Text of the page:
At a broader cultural level (as shown in the signs and advertisements of the area), trilingual realities (with latent Unicode applications development potential) are 1

Unicode and Localization at the American University of Armenia

widespread. A stroll in the streets of Armenia's capital city Yerevan gives some flavor of this: a sample street sign gives local town names in Armenian, Russian and English: Swissair is transliterated (phonetically) into Armenian, an insurance company displays its existence in Armenian, Arabic and Armenian. The National Olympic Committee announces itself in Armenian, Russian and English. These all testify to the eventual penetration of 16-bit tools and systems, since all of those organizations and others need to work in a trilingual environment. Modernization, globalization and Westernization are putting to the test prior localization work, as efforts on character set encodings and global usage pay off in the form of functional collating and sorting sequences.
These are however relatively simple issues when compared to those posed in the

analytical dimension. The worldwide literature search required for in depth analysis of the Digital Library holdings suggest that global Unicode based transliteration and data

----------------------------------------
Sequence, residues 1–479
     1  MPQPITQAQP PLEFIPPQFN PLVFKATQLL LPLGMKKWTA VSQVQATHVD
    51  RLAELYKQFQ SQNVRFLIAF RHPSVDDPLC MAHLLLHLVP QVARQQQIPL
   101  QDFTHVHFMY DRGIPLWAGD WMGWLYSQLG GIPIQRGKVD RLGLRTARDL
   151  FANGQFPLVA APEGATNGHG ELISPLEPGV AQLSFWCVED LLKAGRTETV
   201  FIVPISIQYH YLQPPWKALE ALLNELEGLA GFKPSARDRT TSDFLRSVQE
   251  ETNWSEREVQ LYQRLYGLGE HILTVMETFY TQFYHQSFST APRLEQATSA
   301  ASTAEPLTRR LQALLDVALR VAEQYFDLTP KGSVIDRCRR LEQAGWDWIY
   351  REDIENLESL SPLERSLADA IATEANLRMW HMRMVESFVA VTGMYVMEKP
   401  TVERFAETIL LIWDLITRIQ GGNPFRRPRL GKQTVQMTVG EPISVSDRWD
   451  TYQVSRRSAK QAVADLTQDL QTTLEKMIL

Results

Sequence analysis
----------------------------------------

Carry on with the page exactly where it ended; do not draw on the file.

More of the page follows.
recording conventions are likely to be of enduring value. The issue here is one of metadata that goes a step beyond a reversible bilingual transliteration algorithm.

For example, a linguist might want to define a culturally independent encoding for the morphemes represented in multiple scripts…as opposed to a method that reduces one language to the terms of reference of another. A short sample from the Annual of Armenian Linguistics together with a very simple word list that seeks to demonstrate

the linguistic affinities between Hurrian, Armenian and English demonstrate the inherent

difficulties inherent in the identification of phonemes, morphemes and graphemes in languages with differing scripts. 1

Unicode and Localization at the American University of Armenia